e. Graduate and undergraduate Students at St. John's University and at the University of Missouri are collaborating on a research project aimed both at individual differences in mental imagery and at the use of the Internet in collecting survey data.

f. The Schools of Education of St. John's University and Warsaw University are developing a collaboration to teach English to Polish students, to use distance learning to facilitate teacher education and staff development, and for research.

Objective 2: Provision of community support for those in need and foster universal inclusion

a. Community support for universal inclusion is a guiding spirit of GrassRoots and an ombudsman has been appointed to ensure accommodation to the needs of everyone.

b. The library of Email lists located on the SJUVM.STJOHNS.EDU site is a major source of information on disability and rehabilitation.

c. Screen displays that accommodate voice synthesizers for the blind and for individuals with certain kinds on learning disability are being developed and are undergoing testing.

d. Graduate neuropsychology students at St. John's University are communicating through email and on the MOO with survivors of brain injury.

e. There is a close connection with Equal Access to Software and Information (EASI)

f. Support groups for children with Attention Deficit Disorder and for survivors of abuse have been developed both on Mailing Lists and in real-time TBVR.

Objective 3: Development of the cultural aspects of community and support for the creative uses of 21st Century technology. Unique cultural resources have been developed to provide alternative paths to learning. These include the:

a. Simulation of the hall of a 12th century bard, simulations of Brooklyn NY, and of Jerusalem

b. Milan as virtual museums. The music of Wagner's and the poetry of Whitman and Eliot have been transposed to the medium of TBVR.

What Makes This Project Unique?

Four factors make GrassRoots a singularity.

1. GrassRoots is unique because it is a prototype. Nothing like it has ever existed. This is not because GrassRoots is at the cutting edge of technology, but because it has integrated the most commonly accessible tools into a unique configuration.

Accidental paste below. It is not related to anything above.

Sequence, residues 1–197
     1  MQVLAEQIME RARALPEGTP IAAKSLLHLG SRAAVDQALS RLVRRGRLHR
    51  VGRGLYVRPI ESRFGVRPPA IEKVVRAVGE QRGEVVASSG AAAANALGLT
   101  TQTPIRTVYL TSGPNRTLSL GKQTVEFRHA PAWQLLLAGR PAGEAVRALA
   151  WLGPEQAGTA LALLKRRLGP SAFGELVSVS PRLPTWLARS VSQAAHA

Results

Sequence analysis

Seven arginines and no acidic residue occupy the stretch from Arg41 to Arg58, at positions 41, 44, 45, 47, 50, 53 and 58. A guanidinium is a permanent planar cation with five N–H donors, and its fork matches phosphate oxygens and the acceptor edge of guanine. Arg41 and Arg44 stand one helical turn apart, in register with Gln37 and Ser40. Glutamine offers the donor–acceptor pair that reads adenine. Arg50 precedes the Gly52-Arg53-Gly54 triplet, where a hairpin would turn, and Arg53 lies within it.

2. The seed from which GrassRoots sprung is itself unique. St. John's University is the site of over 260 Electronic Forums based on an L-Soft Listserv, most of which are devoted to education, psychology, disability, and medicine, and serve as a pool for information for the developers of GrassRoots.

3. TBVR is educationally unique. It teaches reading and writing in a natural way, in the same way we learned to listen and speak. Students see a MOO as a game. Reading and writing become fun and the creativity of the student is unleashed.

4. GrassRoots is a community that has been planned from its inception with a universal inclusion perspective that stems directly from the seed of the electronic forums. Efforts are made to attract and accommodate to the needs of the physically and mentally challenged.

Why Has GrassRoots Been So Successful So Quickly?

GrassRoots has been successful because of the people who are creating it. The students, the teachers, the developers of GrassRoots are all responsible for its growth. This project has been successful because it is a truly grassroots community, launched by individual teachers and educators who were exploring the medium. They have pride in ownership that no preconceived "top-down" organization can engender. Key elements of the project include flexibility, growth, and change; the community is in constant flux as the pattern of the dance changes with new ideas.

How Do I Visit GrassRoots?

There are two ways to reach The GrassRoots Project. The best way to review GrassRoots

is to experience it in the form of a WWW guided tour. Point to

You can also telnet by using the following steps. First, telnet to: Then, log in as: grass. Use the password: changeme. This will allow you to have the advantage of the Tiny fugue client for easy screen reading. When you reach the login screen for TBVR, type: co guest

We look forward to seeing you on GrassRoots. If you have any questions, please send them to the Web Master via WWW, or write to one of the authors listed.

All material within the HORIZON site, unless otherwise noted, may be distributed freely for educational purposes. If you do redistribute any of this material, it must retain this copyright notice and you must use appropriate citation including the URL. Also, we would appreciate your sending James L. Morrison a note as to how you are using it. HTML and design by Noel Fiser, ©2006. Page last modified: 2/25/1999 7:38:47 PM. 20929 visitors since February 2000.